Detecting Cardiometabolic Syndrome Using World Health Organization Public Health Action Points For Asians and Pacific Islanders
Andrew Grandinetti, Ph.D.; Joseph K. Kaholokula, Ph.D.; Marjorie K. Mau, M.D., M.S.; Dominic C. Chow, M.D., M.P.H.
Ethnicity & Disease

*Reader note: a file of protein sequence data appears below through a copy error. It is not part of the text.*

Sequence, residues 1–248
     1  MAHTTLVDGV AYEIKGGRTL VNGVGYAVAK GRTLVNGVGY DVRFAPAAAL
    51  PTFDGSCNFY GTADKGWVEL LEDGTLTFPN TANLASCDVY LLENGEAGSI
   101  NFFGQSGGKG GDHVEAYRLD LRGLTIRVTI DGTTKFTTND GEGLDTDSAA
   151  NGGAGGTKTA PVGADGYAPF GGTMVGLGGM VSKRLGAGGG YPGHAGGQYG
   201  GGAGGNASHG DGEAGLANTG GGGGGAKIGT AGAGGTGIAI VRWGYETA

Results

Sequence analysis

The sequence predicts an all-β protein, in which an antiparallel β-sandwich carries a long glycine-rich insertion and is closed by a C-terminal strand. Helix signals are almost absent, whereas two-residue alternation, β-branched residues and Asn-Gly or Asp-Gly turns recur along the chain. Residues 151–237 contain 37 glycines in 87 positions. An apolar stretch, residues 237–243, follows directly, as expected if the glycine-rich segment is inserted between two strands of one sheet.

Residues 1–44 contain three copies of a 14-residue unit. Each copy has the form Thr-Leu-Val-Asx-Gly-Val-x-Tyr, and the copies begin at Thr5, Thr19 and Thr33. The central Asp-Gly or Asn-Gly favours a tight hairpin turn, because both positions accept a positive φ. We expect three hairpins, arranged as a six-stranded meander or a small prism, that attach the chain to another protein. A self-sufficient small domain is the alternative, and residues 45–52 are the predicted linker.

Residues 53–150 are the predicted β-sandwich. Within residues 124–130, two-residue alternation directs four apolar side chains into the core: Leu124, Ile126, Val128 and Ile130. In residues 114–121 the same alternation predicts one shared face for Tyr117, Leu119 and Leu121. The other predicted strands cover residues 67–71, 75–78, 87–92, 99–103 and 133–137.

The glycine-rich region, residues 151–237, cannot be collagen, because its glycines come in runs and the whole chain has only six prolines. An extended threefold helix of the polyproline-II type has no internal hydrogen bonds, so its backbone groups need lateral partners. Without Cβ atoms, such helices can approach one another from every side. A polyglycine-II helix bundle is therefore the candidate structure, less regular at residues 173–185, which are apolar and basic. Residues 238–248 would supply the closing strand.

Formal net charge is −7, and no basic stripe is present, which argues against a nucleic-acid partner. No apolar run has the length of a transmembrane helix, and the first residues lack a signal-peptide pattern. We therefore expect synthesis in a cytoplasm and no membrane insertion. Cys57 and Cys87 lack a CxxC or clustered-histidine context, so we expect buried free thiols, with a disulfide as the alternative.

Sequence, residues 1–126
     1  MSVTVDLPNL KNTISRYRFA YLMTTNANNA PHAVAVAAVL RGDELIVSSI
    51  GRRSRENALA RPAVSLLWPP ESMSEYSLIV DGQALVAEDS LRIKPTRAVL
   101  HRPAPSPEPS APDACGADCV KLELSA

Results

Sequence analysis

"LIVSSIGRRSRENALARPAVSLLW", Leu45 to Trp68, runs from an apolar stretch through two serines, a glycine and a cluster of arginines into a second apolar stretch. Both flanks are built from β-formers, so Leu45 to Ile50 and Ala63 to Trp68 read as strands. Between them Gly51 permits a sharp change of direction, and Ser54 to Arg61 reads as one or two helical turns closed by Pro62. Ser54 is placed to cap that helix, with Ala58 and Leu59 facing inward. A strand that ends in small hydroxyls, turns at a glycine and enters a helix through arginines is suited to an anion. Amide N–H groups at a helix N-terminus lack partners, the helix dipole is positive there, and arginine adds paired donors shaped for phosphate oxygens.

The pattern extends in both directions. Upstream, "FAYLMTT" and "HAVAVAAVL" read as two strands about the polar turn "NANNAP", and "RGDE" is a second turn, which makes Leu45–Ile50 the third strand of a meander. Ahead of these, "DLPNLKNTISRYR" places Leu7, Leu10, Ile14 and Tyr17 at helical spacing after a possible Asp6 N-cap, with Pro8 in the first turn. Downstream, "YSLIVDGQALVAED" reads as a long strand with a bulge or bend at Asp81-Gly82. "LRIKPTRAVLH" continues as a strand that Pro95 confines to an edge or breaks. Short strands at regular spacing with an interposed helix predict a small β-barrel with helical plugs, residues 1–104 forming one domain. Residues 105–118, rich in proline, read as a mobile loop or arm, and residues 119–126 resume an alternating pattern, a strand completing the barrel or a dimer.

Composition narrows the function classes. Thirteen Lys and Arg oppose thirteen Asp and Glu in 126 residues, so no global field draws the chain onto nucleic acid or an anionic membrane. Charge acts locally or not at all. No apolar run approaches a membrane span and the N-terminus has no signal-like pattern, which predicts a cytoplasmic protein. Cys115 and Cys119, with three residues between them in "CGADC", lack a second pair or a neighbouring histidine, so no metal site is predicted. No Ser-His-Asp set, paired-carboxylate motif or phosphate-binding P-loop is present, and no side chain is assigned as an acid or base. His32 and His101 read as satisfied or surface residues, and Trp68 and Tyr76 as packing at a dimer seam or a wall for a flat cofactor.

To assess the screening characteristics of World Health Organization (WHO) body mass index action points for cardiometabolic syndrome (CMS) in Native Hawaiians and people of Asian ancestry (ie, Filipino and Japanese). Design and Setting: Cross-sectional data were collected from 1,452 residents of a rural community of Hawai‘i between 1997 and 2000, of which 1,198 were analyzed in this study. Ethnic ancestry was determined by selfreport. Main Outcome Measures: Metabolic status was assessed using National Cholesterol Education Program Adult Treatment Panel III (NCEP-ATPIII) criteria. Screening characteristics of WHO criteria for overweight and obesity were compared to WHO public health action points or to WHO West Pacific Regional Office (WPRO) cut-points. Results: Among Asian-ancestry participants, WHO public health action points improved both sensitivity and specificity for detecting CMS. However, similar improvements were not observed for WPRO criteria for Native Hawaiians. Moreover, predictive values were high regardless of which criteria were utilized due to high CMS prevalence. Conclusions: WHO public health actions points for Asians provide a significant improvement in sensitivity in detection of CMS. However, predictive value, which varies greatly with disease prevalence, should be considered when deciding which criteria to apply. (Ethn Dis. 2010;20:123–128)